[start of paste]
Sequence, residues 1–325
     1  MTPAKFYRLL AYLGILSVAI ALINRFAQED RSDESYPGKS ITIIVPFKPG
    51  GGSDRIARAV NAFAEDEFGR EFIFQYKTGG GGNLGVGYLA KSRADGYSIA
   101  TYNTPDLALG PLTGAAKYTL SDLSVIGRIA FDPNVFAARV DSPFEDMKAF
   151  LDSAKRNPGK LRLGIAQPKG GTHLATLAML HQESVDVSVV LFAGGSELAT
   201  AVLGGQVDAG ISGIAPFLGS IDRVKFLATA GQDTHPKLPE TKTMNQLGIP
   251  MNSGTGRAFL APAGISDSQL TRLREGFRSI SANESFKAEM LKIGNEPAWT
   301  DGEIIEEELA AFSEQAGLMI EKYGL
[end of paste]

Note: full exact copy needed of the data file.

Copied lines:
Sequence, residues 1–325
     1  MTPAKFYRLL AYLGILSVAI ALINRFAQED RSDESYPGKS ITIIVPFKPG
    51  GGSDRIARAV NAFAEDEFGR EFIFQYKTGG GGNLGVGYLA KSRADGYSIA
   101  TYNTPDLALG PLTGAAKYTL SDLSVIGRIA FDPNVFAARV DSPFEDMKAF
   151  LDSAKRNPGK LRLGIAQPKG GTHLATLAML HQESVDVSVV LFAGGSELAT
   201  AVLGGQVDAG ISGIAPFLGS IDRVKFLATA GQDTHPKLPE TKTMNQLGIP
   251  MNSGTGRAFL APAGISDSQL TRLREGFRSI SANESFKAEM LKIGNEPAWT
   301  DGEIIEEELA AFSEQAGLMI EKYGL